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Magnificent Louvre Museum Invaded by Fearless Rats

Denis McLaughlin, Louvre Museum Paris-creativecommons

Denis McLaughlin, Louvre Museum Paris ( via Wikimedia)

ART NEWS

BY KAZAD

Rat Infestation at the magnificent Louvre Museum highlights the consequences of a dirty environment

FRANCE, PARIS – The magnificent Louvre Museum in Paris has been invaded by rats. The Louvre museum gardens are the epicenter of the rat activities. Wherever one turns, there are rats scavenging for food: bread, cheese, snacks, Tartines, baguette, meat, and fish. If there had been wine, the rats would have drunk that as well.

Since they started emerging from their dark holes several days ago, the rats have captivated the world with their daring exploit. Fearless and audacious, they have become a menace to picnickers having a good time at the Louvre museum gardens. Tourists and visitors have also been startled by the activities of these bold rats, as they rummage for food individually and as a group.

The rats escapade has become somewhat of the tale of legends. Online, there are shocking photos and videos of the rats showing off their dexterity at stealing food in broad daylight. In a video on YouTube, a rat with a big loaf of bread in its mouth, scrawled across the Louvre museum gardens to find a comfortable hole to savor his treasure. In another YouTube video, a rat runs around a sculpture before running away from a lady and her daughter.

That fact that there are so many rats at the Louvre museum gardens is not surprising. The sculpture gardens are essentially the resting place for tourists and thousands of museum guests who sometimes eat their lunch there. In addition to tourists, many Parisians also eat their food in the Louvre museum gardens. According to some Parisians, after eating, many tourists and Parisians leave their leftovers of pizza and sandwich behind, providing food for the rats to eat. “Some even throw their leftovers, including rubbish and scraps beneath thick hedges which are very difficult to reach,” a Parisian said.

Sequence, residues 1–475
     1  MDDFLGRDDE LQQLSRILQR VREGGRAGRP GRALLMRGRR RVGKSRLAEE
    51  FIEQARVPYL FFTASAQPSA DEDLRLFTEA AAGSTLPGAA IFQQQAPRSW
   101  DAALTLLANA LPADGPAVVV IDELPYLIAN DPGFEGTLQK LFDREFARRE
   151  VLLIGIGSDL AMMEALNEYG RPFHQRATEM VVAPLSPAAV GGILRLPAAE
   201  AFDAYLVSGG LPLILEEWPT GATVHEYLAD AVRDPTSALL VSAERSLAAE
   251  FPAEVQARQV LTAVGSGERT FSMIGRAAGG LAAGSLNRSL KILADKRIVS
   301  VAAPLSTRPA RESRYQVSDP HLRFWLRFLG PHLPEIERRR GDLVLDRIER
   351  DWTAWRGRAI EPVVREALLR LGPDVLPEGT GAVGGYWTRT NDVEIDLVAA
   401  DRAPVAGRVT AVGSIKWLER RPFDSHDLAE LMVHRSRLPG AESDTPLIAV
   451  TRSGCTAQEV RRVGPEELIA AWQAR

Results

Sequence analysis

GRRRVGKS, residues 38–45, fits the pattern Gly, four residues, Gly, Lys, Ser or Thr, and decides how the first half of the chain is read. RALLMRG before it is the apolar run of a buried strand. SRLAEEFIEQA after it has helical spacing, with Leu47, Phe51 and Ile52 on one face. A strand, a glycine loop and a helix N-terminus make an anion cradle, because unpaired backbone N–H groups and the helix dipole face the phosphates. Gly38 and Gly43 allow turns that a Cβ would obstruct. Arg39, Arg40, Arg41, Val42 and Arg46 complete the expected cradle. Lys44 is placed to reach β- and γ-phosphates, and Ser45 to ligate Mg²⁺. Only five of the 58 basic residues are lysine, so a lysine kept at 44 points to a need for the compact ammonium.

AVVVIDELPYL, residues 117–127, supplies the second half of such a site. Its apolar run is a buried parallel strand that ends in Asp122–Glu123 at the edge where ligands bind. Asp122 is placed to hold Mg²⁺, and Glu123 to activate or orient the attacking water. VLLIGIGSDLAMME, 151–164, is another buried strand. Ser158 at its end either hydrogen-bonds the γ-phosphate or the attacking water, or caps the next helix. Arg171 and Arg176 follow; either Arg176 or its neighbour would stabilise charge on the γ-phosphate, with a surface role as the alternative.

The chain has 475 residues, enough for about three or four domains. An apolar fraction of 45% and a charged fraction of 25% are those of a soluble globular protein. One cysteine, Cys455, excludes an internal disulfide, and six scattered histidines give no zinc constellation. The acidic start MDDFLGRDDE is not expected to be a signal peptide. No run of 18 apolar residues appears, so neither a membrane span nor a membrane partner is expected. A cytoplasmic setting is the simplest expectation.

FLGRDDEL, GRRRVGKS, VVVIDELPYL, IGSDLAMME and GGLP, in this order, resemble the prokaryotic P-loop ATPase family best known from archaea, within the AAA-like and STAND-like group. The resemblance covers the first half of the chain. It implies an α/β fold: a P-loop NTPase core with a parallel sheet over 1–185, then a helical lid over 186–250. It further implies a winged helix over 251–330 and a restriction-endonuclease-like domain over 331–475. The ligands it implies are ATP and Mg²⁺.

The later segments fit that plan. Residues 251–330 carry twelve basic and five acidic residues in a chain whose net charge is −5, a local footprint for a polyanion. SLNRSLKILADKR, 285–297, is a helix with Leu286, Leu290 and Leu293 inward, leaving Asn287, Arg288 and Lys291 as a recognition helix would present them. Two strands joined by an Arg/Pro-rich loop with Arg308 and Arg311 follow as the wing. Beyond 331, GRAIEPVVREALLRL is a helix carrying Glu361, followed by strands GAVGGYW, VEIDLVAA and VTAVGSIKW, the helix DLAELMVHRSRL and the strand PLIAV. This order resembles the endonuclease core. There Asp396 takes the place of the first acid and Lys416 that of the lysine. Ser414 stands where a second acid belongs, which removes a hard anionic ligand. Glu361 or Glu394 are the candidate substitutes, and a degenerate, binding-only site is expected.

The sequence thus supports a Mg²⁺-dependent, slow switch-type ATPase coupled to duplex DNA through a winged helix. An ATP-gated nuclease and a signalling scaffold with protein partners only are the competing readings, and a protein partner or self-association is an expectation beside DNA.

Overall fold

While everyone is unanimous about the contribution of tourists and Parisians to the rat infestation at the Louvre museum gardens, other reasons have been proffered. One theory put forward is that the mild winter in Paris must have encouraged breeding in the rat community. Another is that all the reconstruction projects around Les Halles could have disturbed the rats’ habitat, forcing them to find a new place to settle. The recent unending rainfall that flooded sewers has also been identified as forcing these rats to the surface.

The unprecedented number of rats at the Louvre gardens has rekindled discussion about pidgins around the magnificent Louvre museum as well. There are so many pidgins around the Louvre museum that many Parisians have started complaining, again. All fingers are pointing at tourists who cannot stop feeding the pidgins. There are indications that some tourists bring bags of bird food to the Louvre museum gardens which are then distributed to other tourists to feed the pidgins. While the pidgins have not gotten as much attention as the rats in recent times, it is clear that everything must be done to bring attention back to the museum’s outstanding art collection.

Whatever the reasons are for the rat infestation at the Louvre museum gardens, what is clear is that getting rid of the rats is going to be a daunting task. In addition to the facts that people are now treating the rats as pets, reaching the rats beneath the thick hedges will be challenging. Already, rat exterminators have been called in to help deal with the rat infestation, and everything is been done to eradicate the menace. Whether the rats are successfully dealt with or not, the fact is that this rat infestation is now a part of the magnificent Louvre museum history.

In addition to the rat infestation at the Louvre Museum gardens, pigeons are also giving the museum’s authority something to worry about.

Pigeons near by the Louvre Museum – France – Tourist Destination

YouTube/ Roman Stetsyuk

Les pigeons du Louvre Paris

YouTube/philippe karrer

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